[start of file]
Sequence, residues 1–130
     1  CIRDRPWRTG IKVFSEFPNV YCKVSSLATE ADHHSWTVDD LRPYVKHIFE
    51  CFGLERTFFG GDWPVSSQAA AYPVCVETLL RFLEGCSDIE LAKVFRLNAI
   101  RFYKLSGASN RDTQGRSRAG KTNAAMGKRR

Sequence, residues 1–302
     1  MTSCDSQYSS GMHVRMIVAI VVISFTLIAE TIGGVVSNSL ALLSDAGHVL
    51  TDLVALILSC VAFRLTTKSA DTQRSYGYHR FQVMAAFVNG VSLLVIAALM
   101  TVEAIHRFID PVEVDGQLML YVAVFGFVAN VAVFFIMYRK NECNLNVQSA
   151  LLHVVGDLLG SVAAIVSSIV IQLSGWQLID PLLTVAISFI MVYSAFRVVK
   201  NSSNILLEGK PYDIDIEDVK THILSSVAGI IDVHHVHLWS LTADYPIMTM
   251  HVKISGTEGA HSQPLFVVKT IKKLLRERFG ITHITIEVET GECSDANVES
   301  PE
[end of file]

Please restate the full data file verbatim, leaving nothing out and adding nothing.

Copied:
Sequence, residues 1–130
     1  CIRDRPWRTG IKVFSEFPNV YCKVSSLATE ADHHSWTVDD LRPYVKHIFE
    51  CFGLERTFFG GDWPVSSQAA AYPVCVETLL RFLEGCSDIE LAKVFRLNAI
   101  RFYKLSGASN RDTQGRSRAG KTNAAMGKRR

Sequence, residues 1–302
     1  MTSCDSQYSS GMHVRMIVAI VVISFTLIAE TIGGVVSNSL ALLSDAGHVL
    51  TDLVALILSC VAFRLTTKSA DTQRSYGYHR FQVMAAFVNG VSLLVIAALM
   101  TVEAIHRFID PVEVDGQLML YVAVFGFVAN VAVFFIMYRK NECNLNVQSA
   151  LLHVVGDLLG SVAAIVSSIV IQLSGWQLID PLLTVAISFI MVYSAFRVVK
   201  NSSNILLEGK PYDIDIEDVK THILSSVAGI IDVHHVHLWS LTADYPIMTM
   251  HVKISGTEGA HSQPLFVVKT IKKLLRERFG ITHITIEVET GECSDANVES
   301  PE